Saints, Dolphins each get to see how they measure up against a 3-0 foe on Monday night

Drew Brees has done his homework, and then some.

The Saints' quarterback even knows what the record of his next opponent was last season, and draws upon that when explaining why he sees this Monday night's matchup between Miami and New Orleans as a compelling one.

"Here's two 7-9 teams that have started off 3-0 and are facing each other on Monday night," Brees said.

The Dolphins "are playing extremely well right now," Brees continued. "They're a very well-coached team, very talented team, who have high expectations, just like us. These are the games you love to play and these are the games you love to watch."

Brees has every reason to promote his involvement in a marquee matchup on a Monday night. He's won eight such contests in a row.

In addition, the Saints' losing record last season looks increasingly like an anomaly that was driven in large part by coach Sean Payton's bounty ban. It was New Orleans' first losing season since 2007, and now that Payton's back, the Saints look like contenders again.

Miami, by contrast, hasn't had a winning season since 2008, so second-year coach Joe Philbin aims to prevent his players from feeling satisfied with their level of play.

"While we are 3-0, there are a lot of things we have to do better," Philbin said, noting that Miami turned the ball over twice, gave up five sacks and allowed nearly 150 yards rushing in last Sunday's 27-23 comeback victory over Atlanta.

"So just from that one game, as nice as a win that it was, there are tons of things that need to get corrected quickly."

In any event, it doesn't look as if either coach has to worry about players taking the field with sufficient intensity.

"Monday night is going to be a playoff atmosphere," Miami linebacker Dannell Ellerbe said. "Everyone is going to be watching, so we're going to get their best and they're going to get our best."

Here are five things to know about Dolphins-Saints:

TAKING FLIGHT: New Orleans' normally prolific offense looked out of synch in Weeks 1 and 2, when the Saints scored only three touchdowns total. That changed last week, when Brees passed for three TDs and ran for another in a 31-7 rout of Arizona.

The Saints racked up 423 yards last weekend, with Brees passing for 319.

MASKING MISTAKES: While Miami quarterback Ryan Tannehill is winning raves for his play so far this season, he leads the NFL in sacks with 14 and fumbles with five. He's on pace to approach league records in both categories.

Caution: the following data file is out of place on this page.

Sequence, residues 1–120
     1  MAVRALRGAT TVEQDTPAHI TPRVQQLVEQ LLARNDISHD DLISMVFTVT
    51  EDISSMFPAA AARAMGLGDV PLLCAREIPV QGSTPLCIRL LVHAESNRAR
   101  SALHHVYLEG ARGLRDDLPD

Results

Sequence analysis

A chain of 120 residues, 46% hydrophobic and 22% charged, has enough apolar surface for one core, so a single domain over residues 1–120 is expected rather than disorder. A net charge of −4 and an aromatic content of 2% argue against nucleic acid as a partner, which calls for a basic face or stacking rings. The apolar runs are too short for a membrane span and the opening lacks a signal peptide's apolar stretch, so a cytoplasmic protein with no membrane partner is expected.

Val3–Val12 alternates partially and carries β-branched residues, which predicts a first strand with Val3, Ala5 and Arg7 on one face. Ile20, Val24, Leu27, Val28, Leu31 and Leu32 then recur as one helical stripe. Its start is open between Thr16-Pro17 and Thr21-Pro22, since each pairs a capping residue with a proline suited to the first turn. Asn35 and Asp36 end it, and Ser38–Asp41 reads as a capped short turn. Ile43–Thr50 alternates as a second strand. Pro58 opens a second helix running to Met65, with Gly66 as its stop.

New right tackle Tyson Clabo is still adjusting to his new team, and missed blocks by tight ends or running backs have been costly. In addition, Dolphins coaches say Tannehill has sometimes been slow to get rid of the ball, and needs to improve his ball security.

GROUNDED GROUND GAMES: Both the Saints and Dolphins would like to have more balance on offense, but have figured out how to win without running the ball particularly well. New Orleans ranks 24th in rushing, Miami 28th.

"While you would love to have the balance ... sometimes you just have to stick with what is working," Philbin said.

There's hope for both teams' ground games this week. Each defense has been shaky against the run.

ROOKIES RISING: The Dolphins kept all nine 2013 draft picks, and several have played important roles already.

Caleb Sturgis is 6 for 6 on field goals, including five from 45 yards or beyond. Dion Sims has gotten snaps as a backup tight end and his first catch was a one-handed grab for a game-winning touchdown with 38 seconds left last week. Seventh-round pick Don Jones has contributed on special teams, forcing a pivotal turnover in the win over Atlanta.

With top Miami pass rusher Cameron Wake nursing a knee injury, No. 3 overall pick Dion Jordan could see his most extensive action yet in New Orleans.

DEFENSIVE BALL: The Saints' monumental defensive problems of a year ago seem to have vanished under new coordinator Rob Ryan. New Orleans, which allowed an NFL-record 7,042 yards (440.1 per game) last season, ranks fourth in the NFL, allowing 295.7 yards per game. More importantly, the Saints have allowed opposing offenses to score only four TDs in three games.


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